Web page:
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Refining Prosthetic Legs - One Accident at a Time

Shown here, 71-year-old Marjorie Brasier, one of six volunteers with prosthetic legs, walked semi-confidently on a treadmill, with instruments monitoring her prosthetic, and her thigh nerve bundles. Again and again she tripped or slipped. Sometimes she recovered on her own and kept walking, while at other times the harness she wore was all that kept her from tumbling to the floor.

When it comes to advanced prosthetic limbs - or for that matter virtual limbs relying on the same basic principles, getting the control circuitry to function properly is crucial. One of the most important aspects of said control circuitry, is the neural coding that binds the limb to the nerve impulses of the surviving ends of the peripheral nervous system.

A great deal of data is regularly passed both ways between an organic human body and a natural arm or leg. We have managed to tap into and translate some of it, in order to have a prosthetic leg respond semi-naturally to unconscious commands such as walking or climbing stairs, but we have by no means gotten even close to reverse engineering every signal along every nerve fibre.

One of the many areas of succh natural data that remains largely untapped, but which is vital to normal walking, is the signal set that passes to the leg automatically when we trip or stumble and the brain tries to regain balance. In prosthetics, this reflex is missing, causing the person to compensate with their other limbs, consciously, or fall over.

It has therefore fallen to a group of researchers at the University of Rhode Island in the US, to try and correct this issue. If not fully, at least to the point where our understanding of such reflex actions allows the signals to be detected and answered by the prosthetic, or virtual limb.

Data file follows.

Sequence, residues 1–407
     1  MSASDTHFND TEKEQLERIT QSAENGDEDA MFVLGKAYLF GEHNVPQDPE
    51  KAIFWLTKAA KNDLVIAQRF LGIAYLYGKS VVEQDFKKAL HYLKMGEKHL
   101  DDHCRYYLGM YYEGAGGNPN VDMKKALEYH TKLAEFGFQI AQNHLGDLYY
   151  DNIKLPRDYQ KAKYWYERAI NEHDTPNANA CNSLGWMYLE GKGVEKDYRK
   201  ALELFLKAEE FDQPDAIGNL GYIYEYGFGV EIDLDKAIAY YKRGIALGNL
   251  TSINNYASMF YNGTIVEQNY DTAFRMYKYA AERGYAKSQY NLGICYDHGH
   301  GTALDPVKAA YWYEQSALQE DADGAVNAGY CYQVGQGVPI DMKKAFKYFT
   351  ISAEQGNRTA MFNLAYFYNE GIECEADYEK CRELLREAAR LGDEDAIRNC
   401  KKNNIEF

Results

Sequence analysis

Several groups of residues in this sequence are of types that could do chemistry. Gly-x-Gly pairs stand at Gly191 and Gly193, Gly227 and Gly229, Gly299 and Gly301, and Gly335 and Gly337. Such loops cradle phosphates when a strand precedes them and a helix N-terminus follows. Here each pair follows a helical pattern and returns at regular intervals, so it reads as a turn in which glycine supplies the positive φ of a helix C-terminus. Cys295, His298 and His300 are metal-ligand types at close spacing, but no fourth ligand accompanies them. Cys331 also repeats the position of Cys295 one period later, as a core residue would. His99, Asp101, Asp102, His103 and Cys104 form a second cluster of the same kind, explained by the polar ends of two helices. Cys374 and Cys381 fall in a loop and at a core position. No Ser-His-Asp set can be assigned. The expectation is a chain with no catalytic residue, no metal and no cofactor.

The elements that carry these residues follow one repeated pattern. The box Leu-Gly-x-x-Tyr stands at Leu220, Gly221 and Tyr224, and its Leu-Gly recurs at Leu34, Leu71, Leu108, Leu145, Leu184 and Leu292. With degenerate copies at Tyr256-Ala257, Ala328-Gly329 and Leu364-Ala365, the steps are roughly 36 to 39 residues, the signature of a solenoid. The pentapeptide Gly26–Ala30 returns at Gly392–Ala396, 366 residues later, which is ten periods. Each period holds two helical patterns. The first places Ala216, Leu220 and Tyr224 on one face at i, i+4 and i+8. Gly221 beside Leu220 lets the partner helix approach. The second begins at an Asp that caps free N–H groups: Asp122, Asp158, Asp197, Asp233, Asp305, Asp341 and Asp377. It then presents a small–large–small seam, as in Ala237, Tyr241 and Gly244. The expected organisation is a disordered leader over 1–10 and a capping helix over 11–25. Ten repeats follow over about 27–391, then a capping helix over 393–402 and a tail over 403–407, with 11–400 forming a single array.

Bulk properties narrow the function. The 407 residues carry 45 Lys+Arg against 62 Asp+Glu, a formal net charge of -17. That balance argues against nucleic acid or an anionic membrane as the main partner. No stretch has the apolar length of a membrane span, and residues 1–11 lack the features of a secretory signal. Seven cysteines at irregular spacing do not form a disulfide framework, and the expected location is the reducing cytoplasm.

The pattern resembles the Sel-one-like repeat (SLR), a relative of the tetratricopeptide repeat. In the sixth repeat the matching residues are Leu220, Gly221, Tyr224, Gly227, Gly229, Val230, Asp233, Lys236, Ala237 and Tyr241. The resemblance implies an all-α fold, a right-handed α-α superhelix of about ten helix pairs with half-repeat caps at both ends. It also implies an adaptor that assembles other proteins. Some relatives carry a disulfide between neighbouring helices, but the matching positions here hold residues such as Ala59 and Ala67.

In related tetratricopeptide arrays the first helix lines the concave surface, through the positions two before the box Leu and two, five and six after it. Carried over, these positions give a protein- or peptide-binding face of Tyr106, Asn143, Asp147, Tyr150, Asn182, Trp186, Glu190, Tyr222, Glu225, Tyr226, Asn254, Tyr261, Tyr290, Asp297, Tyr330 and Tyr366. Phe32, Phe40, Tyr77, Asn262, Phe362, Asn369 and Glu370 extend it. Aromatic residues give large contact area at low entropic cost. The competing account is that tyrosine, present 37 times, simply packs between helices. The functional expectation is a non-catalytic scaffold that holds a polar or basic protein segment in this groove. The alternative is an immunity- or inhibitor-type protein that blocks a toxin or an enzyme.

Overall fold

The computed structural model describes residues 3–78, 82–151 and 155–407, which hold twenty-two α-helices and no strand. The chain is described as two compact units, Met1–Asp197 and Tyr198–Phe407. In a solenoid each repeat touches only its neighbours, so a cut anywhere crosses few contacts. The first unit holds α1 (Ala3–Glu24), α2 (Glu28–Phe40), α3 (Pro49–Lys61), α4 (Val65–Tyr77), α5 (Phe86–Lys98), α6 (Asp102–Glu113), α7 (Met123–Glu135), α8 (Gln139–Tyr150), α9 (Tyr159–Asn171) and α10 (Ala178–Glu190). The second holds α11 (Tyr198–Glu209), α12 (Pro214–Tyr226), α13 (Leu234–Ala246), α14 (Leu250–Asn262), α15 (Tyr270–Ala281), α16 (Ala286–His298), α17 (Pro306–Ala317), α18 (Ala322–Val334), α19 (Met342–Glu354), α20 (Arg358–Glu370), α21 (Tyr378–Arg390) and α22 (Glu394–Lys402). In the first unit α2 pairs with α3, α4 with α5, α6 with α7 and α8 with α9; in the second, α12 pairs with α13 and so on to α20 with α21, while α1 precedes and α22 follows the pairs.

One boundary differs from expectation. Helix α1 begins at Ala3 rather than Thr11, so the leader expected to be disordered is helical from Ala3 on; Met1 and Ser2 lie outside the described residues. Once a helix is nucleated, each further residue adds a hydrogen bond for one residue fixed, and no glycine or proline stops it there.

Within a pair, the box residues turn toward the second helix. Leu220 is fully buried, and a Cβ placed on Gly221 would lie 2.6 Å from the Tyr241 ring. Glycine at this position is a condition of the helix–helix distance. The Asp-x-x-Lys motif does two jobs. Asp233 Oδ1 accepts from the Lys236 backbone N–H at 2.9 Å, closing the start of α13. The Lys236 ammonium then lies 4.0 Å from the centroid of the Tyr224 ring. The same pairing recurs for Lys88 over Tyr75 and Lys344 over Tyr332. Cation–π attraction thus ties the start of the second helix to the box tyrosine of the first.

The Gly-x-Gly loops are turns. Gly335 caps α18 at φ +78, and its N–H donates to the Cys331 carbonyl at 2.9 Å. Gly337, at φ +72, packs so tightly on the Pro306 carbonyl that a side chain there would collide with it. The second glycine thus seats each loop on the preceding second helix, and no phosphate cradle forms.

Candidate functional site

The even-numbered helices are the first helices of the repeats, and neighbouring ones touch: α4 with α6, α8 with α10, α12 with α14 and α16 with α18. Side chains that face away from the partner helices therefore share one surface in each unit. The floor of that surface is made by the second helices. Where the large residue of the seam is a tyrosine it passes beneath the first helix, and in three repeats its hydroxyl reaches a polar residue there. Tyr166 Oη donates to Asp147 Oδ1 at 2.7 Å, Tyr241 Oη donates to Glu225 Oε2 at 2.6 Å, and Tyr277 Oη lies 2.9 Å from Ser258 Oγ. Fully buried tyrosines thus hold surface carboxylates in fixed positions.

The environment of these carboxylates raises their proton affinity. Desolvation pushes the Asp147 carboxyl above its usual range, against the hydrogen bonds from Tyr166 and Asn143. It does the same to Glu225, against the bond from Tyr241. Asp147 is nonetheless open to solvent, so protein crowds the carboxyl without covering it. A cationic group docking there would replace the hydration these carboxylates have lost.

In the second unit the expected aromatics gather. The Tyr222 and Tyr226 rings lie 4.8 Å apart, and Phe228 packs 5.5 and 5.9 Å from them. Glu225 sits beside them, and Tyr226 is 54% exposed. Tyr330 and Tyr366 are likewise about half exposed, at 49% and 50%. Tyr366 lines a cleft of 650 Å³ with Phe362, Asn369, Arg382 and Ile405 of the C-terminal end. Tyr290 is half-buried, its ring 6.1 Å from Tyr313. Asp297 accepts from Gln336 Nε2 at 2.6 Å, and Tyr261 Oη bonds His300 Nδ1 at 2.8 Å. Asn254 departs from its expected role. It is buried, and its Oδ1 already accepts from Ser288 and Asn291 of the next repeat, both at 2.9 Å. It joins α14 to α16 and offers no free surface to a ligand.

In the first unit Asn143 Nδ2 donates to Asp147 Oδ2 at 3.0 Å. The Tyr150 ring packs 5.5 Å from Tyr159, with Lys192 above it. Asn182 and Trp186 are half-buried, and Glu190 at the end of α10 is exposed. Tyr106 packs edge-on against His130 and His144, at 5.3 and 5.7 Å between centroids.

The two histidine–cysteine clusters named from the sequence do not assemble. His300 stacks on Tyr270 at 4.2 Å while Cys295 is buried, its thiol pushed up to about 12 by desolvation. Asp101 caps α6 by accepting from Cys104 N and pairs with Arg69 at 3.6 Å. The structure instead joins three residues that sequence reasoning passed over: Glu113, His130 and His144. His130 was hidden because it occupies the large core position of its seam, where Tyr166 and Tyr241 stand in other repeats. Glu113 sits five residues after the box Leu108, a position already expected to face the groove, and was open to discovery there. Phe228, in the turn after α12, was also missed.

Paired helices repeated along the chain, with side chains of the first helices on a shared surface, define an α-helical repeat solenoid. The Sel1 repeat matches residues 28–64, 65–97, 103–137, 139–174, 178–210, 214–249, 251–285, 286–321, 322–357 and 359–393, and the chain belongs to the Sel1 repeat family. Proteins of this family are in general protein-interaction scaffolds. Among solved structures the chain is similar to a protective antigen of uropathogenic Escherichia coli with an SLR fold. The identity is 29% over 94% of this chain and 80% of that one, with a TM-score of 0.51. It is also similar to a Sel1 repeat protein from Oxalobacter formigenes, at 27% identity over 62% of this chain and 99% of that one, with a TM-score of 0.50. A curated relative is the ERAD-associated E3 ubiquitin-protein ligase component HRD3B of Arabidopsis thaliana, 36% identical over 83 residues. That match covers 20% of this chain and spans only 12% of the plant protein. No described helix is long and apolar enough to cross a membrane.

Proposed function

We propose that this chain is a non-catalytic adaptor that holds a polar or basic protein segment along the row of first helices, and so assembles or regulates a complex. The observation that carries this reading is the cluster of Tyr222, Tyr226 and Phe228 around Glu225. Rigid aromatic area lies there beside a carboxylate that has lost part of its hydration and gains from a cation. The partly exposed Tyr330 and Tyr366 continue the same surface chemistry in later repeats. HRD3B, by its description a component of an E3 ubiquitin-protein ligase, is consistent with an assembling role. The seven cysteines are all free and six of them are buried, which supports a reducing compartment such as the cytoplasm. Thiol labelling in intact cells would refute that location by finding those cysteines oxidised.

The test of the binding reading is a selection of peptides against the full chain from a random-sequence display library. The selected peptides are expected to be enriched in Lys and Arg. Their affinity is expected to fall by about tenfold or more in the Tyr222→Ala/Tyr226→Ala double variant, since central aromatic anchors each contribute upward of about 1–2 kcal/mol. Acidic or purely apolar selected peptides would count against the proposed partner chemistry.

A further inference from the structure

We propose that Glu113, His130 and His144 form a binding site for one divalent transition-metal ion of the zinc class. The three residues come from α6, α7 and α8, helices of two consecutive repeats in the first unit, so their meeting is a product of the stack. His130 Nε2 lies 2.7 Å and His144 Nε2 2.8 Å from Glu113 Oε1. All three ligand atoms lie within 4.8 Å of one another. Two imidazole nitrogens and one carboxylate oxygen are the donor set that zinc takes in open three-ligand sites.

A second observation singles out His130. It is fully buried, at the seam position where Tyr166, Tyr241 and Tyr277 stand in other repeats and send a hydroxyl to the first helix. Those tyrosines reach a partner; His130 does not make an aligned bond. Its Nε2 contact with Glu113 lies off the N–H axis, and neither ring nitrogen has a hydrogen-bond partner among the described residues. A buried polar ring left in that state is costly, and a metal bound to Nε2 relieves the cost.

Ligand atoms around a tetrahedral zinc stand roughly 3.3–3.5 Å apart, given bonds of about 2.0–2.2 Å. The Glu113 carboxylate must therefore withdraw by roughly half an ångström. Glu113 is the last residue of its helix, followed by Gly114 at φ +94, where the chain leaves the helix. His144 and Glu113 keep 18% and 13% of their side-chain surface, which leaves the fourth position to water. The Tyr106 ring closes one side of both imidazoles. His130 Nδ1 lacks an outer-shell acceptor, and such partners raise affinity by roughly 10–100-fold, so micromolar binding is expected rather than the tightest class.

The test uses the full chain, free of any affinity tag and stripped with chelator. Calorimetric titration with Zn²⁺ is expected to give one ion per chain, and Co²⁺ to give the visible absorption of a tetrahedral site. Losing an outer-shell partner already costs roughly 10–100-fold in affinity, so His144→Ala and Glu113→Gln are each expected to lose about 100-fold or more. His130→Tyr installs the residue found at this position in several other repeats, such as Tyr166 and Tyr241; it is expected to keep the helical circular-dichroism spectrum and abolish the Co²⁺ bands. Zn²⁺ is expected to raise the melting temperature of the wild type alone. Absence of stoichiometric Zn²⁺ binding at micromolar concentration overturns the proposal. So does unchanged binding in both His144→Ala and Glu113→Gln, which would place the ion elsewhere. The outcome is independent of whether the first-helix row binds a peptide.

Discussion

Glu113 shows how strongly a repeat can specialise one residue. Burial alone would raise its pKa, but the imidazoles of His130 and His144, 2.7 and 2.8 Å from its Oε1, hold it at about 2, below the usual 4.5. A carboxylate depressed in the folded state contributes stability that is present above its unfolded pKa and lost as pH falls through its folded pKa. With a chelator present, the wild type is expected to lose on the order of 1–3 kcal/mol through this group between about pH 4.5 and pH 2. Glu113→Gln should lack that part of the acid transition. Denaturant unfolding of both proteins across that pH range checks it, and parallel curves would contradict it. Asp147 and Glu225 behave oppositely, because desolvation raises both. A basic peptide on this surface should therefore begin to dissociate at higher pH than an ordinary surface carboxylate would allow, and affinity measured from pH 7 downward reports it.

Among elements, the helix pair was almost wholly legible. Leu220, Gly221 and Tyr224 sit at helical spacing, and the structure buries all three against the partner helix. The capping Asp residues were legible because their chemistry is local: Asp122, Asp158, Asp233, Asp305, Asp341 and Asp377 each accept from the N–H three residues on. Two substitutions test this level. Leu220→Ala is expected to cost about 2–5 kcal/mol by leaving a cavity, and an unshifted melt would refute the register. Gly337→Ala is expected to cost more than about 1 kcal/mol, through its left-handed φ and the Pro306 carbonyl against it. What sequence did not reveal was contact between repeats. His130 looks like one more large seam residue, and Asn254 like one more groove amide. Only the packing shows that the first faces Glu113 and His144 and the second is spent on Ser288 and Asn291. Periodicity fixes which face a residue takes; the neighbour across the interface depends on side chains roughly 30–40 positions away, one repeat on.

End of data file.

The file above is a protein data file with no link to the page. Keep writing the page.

"When we become unbalanced, our neural system reacts quickly and sends a signal to help us recover," said He (Helen) Huang, assistant professor of biomedical engineering at URI. "Our challenge is to see if we can detect these neural reactions fast enough to activate a mechanism in a patient's prosthetic leg to stabilise them before they fall."

Six volunteers, each of which possessed a prosthetic leg with some degree of binding to their peripheral nervous system, were selected to take place in the trials. The video below, shows 71-year-old Marjorie Brasier, one of these six, going through her paces on the treadmill. Brasier was hooked up to dozens of electrodes, wore shoes containing 99 pressure sensors, and 40 light-reflective markers on her body were tracked by eight cameras surrounding the room to collect the data necessary for the research.

Unfortunately, people such as her are not the ideal type of candidate for studies such as this one. The reason for this is that Majorie has had a prosthetic leg for some years, and her body has become used to compensating for it. Thus, her responses to a trip or stumble, are not the same at a base level, as someone who is freshly used to a natural leg and fully functioning capabilities of such.

It would perhaps have been more ideal to study the signals of those with their original legs, for this reason.

Thankfully, the researchers have realised this, and a second, parallel study by the same team, is ongoing, to collect ad compare just this sort of data. What the team are looking for at this time, is something similar to event related potential, or ERP activity in the limb's nerves - a regular, definable signal of activity that is duplicable across individuals when the same manner of trip occurs. Once this is found, by studying the variance in signal over different types and intensities of trip and stumble, a rough guide to the neural coding can be ascertained. This can then hopefully be used to program the leg with how to respond with a reflex action.

"If we can detect the stumble reaction fast enough, then there may be time to react to it," said Huang, who is collaborating on the project with Brown University Assistant Professor Susan D'Andrea. "Hopefully we can develop a system that can mimic the normal human reaction to stumbling."

According to the URI researcher, the population of lower-limb amputees in the United States is large and growing, especially so during this time of war, and she believes that the design of a high performing prosthetic leg is critical to reducing the burden of this disability.

"We need to give a lot of credit to the patients involved in this study as they are allowing us the opportunity to collect unprecedented data related to stumble and recovery reactions in amputees," said Michael Nunnery, owner of Nunnery Orthotic and Prosthetic Technologies, Inc., another partner in the research project. "We hope to utilize this data to have an innovative impact on the future of above knee amputee prosthetics needs. "


URI researcher trips amputees in effort to develop improved prosthetic legs


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